lynn giroux said...

Yes! I agree with leuan's reading of the story. I didn't know there were multiple endings until just now. I read the story today and was unsure about the last few sentences were to convey so I went to see if others had an opinion. Of course they do! And I agree with leuan.
Lynn

Anonymous said...

I wonder what it signifies (if anything)that Munro protrayed Corrie reading THE GREAT GATSBY when receiving the news of Lilian's death. Was it meant as a reference to Gatsby's aspirations and shady dealings, Tom Buchanan's secret life or something else? Neko

Heather said...

How interesting! Thank you for noticing these changes, and writing about them so thoughtfully. I read the New Yorker version four years ago, and found the story very memorable. Last night, when I read it again in "Dear Life" a few things struck me a little differently, but I thought it was just because I knew the ending this time so I read it with different attention.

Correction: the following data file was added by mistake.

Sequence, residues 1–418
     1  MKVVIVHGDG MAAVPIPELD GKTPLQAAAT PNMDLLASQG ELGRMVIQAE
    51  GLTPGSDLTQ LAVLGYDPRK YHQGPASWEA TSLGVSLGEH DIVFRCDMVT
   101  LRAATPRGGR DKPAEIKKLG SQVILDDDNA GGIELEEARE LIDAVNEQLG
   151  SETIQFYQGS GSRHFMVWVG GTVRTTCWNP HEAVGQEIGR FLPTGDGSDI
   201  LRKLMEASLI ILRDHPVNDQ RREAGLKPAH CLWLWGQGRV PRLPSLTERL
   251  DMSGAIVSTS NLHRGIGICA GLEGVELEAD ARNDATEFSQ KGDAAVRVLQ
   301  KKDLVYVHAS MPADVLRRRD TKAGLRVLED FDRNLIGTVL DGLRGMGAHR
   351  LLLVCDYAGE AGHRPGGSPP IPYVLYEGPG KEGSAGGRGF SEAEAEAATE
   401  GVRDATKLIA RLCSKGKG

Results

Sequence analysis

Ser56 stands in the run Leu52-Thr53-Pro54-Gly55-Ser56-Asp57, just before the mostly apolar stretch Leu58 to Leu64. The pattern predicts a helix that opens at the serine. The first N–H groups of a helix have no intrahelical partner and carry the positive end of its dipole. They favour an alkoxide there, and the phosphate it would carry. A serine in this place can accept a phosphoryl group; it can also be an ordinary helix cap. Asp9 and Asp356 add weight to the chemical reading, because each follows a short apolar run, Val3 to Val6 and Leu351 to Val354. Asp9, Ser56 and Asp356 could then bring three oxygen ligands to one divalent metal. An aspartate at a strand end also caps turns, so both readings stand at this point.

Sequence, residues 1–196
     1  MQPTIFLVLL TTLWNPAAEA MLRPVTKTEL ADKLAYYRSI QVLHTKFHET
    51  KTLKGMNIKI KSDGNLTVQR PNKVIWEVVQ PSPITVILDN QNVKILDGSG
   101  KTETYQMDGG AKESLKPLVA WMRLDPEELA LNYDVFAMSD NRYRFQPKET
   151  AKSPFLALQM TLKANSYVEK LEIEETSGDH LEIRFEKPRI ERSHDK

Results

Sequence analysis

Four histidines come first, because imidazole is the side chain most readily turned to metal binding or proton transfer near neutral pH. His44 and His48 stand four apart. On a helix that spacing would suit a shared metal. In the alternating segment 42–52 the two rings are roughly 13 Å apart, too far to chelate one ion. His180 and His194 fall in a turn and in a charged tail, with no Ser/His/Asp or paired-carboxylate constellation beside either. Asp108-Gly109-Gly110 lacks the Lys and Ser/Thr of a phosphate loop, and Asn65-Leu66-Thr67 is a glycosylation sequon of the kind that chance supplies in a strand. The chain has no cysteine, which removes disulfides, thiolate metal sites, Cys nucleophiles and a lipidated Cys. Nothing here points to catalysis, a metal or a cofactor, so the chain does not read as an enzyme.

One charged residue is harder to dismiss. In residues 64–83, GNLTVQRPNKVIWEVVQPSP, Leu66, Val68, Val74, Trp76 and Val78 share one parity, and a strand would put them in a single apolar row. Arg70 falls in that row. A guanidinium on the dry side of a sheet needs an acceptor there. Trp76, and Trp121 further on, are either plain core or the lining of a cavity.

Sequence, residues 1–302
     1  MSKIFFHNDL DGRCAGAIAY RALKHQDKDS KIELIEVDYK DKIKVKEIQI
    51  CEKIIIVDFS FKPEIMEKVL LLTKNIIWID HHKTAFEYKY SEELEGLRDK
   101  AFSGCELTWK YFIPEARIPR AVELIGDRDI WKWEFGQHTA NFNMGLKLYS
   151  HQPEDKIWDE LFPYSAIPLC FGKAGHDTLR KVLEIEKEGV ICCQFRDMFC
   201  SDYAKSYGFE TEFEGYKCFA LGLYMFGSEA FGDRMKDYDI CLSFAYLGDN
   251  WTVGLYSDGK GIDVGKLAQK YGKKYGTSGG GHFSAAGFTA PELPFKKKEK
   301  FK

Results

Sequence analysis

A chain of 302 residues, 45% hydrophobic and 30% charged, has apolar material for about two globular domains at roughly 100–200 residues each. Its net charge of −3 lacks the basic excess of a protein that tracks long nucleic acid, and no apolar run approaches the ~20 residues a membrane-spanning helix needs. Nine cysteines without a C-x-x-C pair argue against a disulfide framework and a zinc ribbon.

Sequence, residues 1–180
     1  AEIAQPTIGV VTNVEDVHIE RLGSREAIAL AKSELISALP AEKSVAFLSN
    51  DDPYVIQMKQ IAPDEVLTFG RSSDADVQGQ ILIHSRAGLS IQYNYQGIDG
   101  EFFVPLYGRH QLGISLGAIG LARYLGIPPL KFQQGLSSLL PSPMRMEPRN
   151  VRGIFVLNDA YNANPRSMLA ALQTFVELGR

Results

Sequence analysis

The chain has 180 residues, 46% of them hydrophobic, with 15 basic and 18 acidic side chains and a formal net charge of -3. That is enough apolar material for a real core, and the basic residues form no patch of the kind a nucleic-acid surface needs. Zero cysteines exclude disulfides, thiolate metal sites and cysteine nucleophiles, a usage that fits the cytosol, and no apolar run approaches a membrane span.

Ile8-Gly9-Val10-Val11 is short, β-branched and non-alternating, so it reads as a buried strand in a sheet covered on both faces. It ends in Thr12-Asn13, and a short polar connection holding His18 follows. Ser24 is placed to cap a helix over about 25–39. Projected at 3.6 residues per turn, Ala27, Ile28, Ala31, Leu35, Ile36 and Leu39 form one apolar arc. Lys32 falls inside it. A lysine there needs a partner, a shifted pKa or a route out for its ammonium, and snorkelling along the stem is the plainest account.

One of the main thing that interests me now, after reading the others' comments, is that some people here seem to think the relationship will continue. Ritchie's note was ambiguous, so it's true that he may be "feeling his way" as Barbara said. But it seemed to me more like the vague response of a man who wants to extricate himself without confrontation. ("I'll call you tomorrow . . . I'll be in touch . . .Let's get together soon.")

Heather said...

Regarding the question about why she is reading Gatsby. . . One of the questions I asked myself while reading this story is, "Is Corrie a smart woman or not?"

She is independent, self-sufficient, strong in certain ways; but she also misses some obvious clues (although I probably would have too in her situation).

She and Ritchie both seem to think they're clever, and they take pride in their banter and their witty notes--but really, their notes are not very interesting and their little jokes are not very amusing.

So what does she read when she's alone? Gatsby is a classic, a famous book, a respected one, and even a good one. But it's also short. It's easy. High school students read it. People with even mild literary interests read it. People with pretentions of culture read it.

In other words, the clue I took from that detail is: she's bright enough but no great intellectual. All those many hours alone in the library and she's still reading Gatsby? She has not had the curiosity (or passion, or energy, or idiosyncrasy) to delve into anything less obvious?